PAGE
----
First time home buyers and do-it-yourself enthusiasts often dream of buying a fixer-upper – a rundown house that is otherwise perfect. For example, a fixer-upper may be far cheaper than the move-in ready houses in the neighborhood. It is also something you can renovate to your heart’s content. However, our society has romanticized this concept, so many have unrealistic expectations. Here are the pros and cons of buying a fixer-upper.
The Pros of Buying a Fixer-Upper
A fixer-upper may be the only way you can afford to buy your dream home in an upscale neighborhood. You get it at a discount and can often move in to take advantage of proximity to good schools and amenities. You’ll have more negotiating power with sellers, too, because most people don’t want to buy something that needs repairs.
Fixer-uppers are incredibly customizable. You can choose which appliances, light fixtures, carpets and finishes go into place. This personal touch is so important to some people that they end up renovating any house they buy. With a fixer-upper, the work needs to be done anyway, and you’re probably improving the home’s value by putting in a better kitchen or bathroom.
The Cons of Buying a Fixer-Upper
If you don’t know what you’re getting into, you’ll end up paying for your mistake in many different ways. You won’t want to discount the purchase price based on an expected list of repairs and then find out there is massive electrical work that needs to be done. This is why fixer-uppers often cost much more than people planned to make it livable. One solution is to bring in an inspector to list everything wrong with the property. Have them do a thorough inspection because you don’t want to plan on fixing the plumbing and find out the wood frame is rotting.
Another downside of buying a fixer-upper is that you may find yourself living in a construction project. You might have to pass in-progress work because you’re doing it yourself on weekends or have run out of money to pay the contractor. You’re also stuck with the house that’s almost unsellable if you lose your job and can’t pay for essential repairs.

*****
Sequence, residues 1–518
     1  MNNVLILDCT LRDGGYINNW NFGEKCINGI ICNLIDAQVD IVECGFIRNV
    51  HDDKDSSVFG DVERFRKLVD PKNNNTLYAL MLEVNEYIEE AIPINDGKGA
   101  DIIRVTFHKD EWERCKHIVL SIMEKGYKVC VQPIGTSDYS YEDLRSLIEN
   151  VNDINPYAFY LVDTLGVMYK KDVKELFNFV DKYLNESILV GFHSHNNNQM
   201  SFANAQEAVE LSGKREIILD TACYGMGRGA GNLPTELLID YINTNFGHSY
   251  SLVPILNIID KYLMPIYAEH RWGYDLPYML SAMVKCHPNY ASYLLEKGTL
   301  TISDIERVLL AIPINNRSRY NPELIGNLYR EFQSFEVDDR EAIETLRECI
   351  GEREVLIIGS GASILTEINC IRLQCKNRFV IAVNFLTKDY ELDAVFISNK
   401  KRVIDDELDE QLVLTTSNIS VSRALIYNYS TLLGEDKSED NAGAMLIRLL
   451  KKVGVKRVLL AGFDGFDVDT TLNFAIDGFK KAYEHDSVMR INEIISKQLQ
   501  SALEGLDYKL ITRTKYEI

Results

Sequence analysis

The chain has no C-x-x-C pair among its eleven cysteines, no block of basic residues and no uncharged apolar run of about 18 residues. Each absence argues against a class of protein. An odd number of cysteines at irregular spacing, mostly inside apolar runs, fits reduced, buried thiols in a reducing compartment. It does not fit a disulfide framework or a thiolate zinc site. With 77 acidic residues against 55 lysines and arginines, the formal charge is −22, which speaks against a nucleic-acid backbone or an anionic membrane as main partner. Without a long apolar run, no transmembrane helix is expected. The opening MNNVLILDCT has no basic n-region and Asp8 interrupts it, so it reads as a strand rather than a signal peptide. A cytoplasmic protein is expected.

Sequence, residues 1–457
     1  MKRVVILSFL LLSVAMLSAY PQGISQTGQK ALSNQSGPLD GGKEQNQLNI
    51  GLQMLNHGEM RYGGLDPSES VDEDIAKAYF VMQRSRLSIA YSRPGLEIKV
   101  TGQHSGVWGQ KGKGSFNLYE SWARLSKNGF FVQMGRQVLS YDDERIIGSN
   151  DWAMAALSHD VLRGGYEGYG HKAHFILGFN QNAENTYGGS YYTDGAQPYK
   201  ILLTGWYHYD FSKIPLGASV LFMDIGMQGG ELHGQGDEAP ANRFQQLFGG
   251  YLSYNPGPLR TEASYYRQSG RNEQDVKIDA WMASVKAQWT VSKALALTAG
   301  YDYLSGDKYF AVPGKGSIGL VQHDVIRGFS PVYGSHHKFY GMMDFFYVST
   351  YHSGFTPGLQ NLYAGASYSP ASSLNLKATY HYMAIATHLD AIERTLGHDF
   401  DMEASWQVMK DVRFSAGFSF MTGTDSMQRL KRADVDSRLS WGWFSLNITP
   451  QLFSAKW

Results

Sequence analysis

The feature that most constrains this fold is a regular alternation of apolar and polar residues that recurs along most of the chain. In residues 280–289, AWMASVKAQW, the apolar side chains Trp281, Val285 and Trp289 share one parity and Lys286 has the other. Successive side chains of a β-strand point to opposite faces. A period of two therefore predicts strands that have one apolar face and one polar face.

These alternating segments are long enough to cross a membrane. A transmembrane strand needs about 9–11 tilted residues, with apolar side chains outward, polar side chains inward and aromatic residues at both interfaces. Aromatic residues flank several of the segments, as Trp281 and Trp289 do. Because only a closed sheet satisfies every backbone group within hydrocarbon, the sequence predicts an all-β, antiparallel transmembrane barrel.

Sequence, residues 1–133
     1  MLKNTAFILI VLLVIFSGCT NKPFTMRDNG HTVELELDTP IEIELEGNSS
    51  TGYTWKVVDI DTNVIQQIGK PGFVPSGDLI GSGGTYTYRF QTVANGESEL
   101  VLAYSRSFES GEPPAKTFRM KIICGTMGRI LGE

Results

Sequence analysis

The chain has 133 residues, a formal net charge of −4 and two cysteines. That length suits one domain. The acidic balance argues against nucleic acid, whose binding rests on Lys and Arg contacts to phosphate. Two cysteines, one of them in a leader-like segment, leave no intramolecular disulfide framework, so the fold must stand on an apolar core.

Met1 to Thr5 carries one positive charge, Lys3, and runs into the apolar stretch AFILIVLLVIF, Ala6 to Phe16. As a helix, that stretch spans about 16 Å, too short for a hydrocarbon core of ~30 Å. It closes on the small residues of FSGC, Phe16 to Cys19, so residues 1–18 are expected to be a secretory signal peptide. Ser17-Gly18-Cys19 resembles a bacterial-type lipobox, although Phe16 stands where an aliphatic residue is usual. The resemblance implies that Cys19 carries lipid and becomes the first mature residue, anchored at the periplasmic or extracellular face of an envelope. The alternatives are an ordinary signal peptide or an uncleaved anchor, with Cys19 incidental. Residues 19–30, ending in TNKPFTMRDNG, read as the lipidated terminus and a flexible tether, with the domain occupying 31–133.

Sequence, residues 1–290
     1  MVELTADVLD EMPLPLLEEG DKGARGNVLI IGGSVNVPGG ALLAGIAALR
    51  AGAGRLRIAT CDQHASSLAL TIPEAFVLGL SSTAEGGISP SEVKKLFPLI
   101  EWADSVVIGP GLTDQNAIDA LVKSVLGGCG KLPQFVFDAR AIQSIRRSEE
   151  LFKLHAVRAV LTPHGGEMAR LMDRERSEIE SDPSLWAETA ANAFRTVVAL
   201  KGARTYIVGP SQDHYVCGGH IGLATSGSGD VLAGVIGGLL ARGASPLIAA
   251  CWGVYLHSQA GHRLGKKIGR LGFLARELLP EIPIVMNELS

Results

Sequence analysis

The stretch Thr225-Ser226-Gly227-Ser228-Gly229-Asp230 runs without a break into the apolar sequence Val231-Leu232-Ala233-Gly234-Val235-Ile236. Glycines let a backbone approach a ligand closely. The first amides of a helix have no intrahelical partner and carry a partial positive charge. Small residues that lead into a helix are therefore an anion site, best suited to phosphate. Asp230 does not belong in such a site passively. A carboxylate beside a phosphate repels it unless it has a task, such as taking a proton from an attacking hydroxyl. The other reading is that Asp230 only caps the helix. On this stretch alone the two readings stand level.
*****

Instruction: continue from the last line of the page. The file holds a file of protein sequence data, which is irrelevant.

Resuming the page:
How to Make Sure You Get a Good Return
Some people try to save money by attempting to do all the work themselves. While you might be able to paint the walls yourself, hire a professional for work you can’t afford to do wrong. Make sure that you hire a professional for insulation removal, plumbing and electrical work. In fact, you may not get the renovations approved by an inspector if you try to do projects like these yourself.
Another mistake people make is failing to consider the carrying costs. For example, they may avoid the hassle of living in the middle of a construction project by living in a rented unit while the house is being renovated. However, you still have to pay the mortgage and insurance on the fixer-upper while paying the rent. You might have to pay the construction loan payments in addition to the mortgage, too, if you took out this second loan to pay for renovations and repairs. Always factor in the carrying costs of the home when it is being renovated.
Fixer-uppers do present an excellent opportunity if you do things right, but they can turn into a nightmare if you make a mistake. Consider all the pros and cons before buying a fixer-upper, and plan so that you don’t end up in over your head.
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